After provisional ballots had been counted in District 27’s State Senate race, Auburn City Council member Jay Hovey took the lead by a single vote.
However, the race was declared a tie after a single voter whose allegedly wrongfully counted provisional ballot was counted in favor of incumbent Thomas Whatley.
Hovey and Whatley, both running for the Republican nomination for District 27’s seat, had fought vigorously after a tight race.
It was announced that the contested race was to be decided by a coin toss after the Alabama GOP voted to accept the controversial ballot due to the fact that it was “improperly excluded from the vote totals,” a statement from the party said.
On Wednesday morning, Whatley’s campaign claimed that the coin toss would be held that day. But Hovey’s campaign said that this was not a mutually agreed upon date, claiming that both parties were initially unavailable until after July 4, as discussed privately by the two parties.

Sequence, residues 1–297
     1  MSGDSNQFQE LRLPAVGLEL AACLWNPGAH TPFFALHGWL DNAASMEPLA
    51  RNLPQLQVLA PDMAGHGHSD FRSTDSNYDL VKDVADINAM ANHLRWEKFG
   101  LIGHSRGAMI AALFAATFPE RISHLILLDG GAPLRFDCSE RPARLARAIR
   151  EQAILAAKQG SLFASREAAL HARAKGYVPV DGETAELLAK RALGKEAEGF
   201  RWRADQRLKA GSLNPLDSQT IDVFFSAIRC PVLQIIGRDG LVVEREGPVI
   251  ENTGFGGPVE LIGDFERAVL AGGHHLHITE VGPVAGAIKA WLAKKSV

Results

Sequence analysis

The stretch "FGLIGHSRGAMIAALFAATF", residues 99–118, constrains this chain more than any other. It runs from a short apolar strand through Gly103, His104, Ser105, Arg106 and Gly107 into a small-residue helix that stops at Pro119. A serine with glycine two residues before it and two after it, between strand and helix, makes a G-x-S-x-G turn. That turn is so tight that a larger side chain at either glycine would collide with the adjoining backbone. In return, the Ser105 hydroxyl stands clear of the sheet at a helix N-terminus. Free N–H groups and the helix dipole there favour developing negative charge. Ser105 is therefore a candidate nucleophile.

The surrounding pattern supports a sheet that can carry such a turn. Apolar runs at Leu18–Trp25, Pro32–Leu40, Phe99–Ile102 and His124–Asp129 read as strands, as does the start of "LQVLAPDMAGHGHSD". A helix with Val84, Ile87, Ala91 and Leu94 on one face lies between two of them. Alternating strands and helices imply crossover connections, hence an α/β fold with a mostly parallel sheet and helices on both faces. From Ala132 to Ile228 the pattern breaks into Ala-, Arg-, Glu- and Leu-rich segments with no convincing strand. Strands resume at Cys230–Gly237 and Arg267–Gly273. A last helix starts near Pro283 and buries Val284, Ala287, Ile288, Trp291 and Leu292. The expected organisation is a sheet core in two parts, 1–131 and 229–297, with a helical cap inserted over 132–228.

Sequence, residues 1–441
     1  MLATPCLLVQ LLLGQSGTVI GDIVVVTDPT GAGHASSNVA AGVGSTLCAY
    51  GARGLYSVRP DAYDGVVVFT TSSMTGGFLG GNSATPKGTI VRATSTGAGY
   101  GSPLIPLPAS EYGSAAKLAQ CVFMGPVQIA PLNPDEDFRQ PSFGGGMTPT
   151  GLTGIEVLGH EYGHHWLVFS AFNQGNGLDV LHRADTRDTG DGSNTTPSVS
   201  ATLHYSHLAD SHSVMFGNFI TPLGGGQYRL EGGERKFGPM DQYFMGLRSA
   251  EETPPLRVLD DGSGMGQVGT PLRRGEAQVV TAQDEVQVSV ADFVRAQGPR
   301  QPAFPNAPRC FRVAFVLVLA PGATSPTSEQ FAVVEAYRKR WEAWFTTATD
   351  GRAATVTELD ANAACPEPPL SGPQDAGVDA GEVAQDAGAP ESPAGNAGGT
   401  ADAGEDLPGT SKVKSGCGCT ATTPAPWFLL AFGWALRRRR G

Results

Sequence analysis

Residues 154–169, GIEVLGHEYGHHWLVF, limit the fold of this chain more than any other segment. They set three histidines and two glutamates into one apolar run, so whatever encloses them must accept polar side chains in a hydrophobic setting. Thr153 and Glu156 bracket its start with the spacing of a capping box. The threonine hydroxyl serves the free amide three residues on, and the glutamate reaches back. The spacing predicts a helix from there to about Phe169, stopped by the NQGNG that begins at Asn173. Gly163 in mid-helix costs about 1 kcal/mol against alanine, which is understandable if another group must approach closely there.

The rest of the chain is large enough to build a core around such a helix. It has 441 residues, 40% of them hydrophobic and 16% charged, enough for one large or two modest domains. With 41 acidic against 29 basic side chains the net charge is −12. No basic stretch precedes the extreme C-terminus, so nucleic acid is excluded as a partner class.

Hovey’s campaign requested that the Alabama GOP reconsider the challenge to the original count that excluded the tying vote, which the party accepted.
Hovey’s request came as a result of the Alabama Law Enforcement Agency’s inability to find the tying voter’s name in their voter rolls, leading Hovey to suspect that the vote was illegitimate.
The race took yet another, but final, turn on Friday after Whatley withdrew from the race, leaving Hovey victorious.
Whatley’s decision came just before the rehearing requested by Hovey took place. The rehearing did conclude that Hovey would have won based on the findings of the ALEA regarding the registration status of the voter whose vote initially brought the race to a tie.
Hovey is set to run against Democrat Sherri Reese in the general election in November.
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Tucker Massey, junior in journalism, is the content editor for The Auburn Plainsman.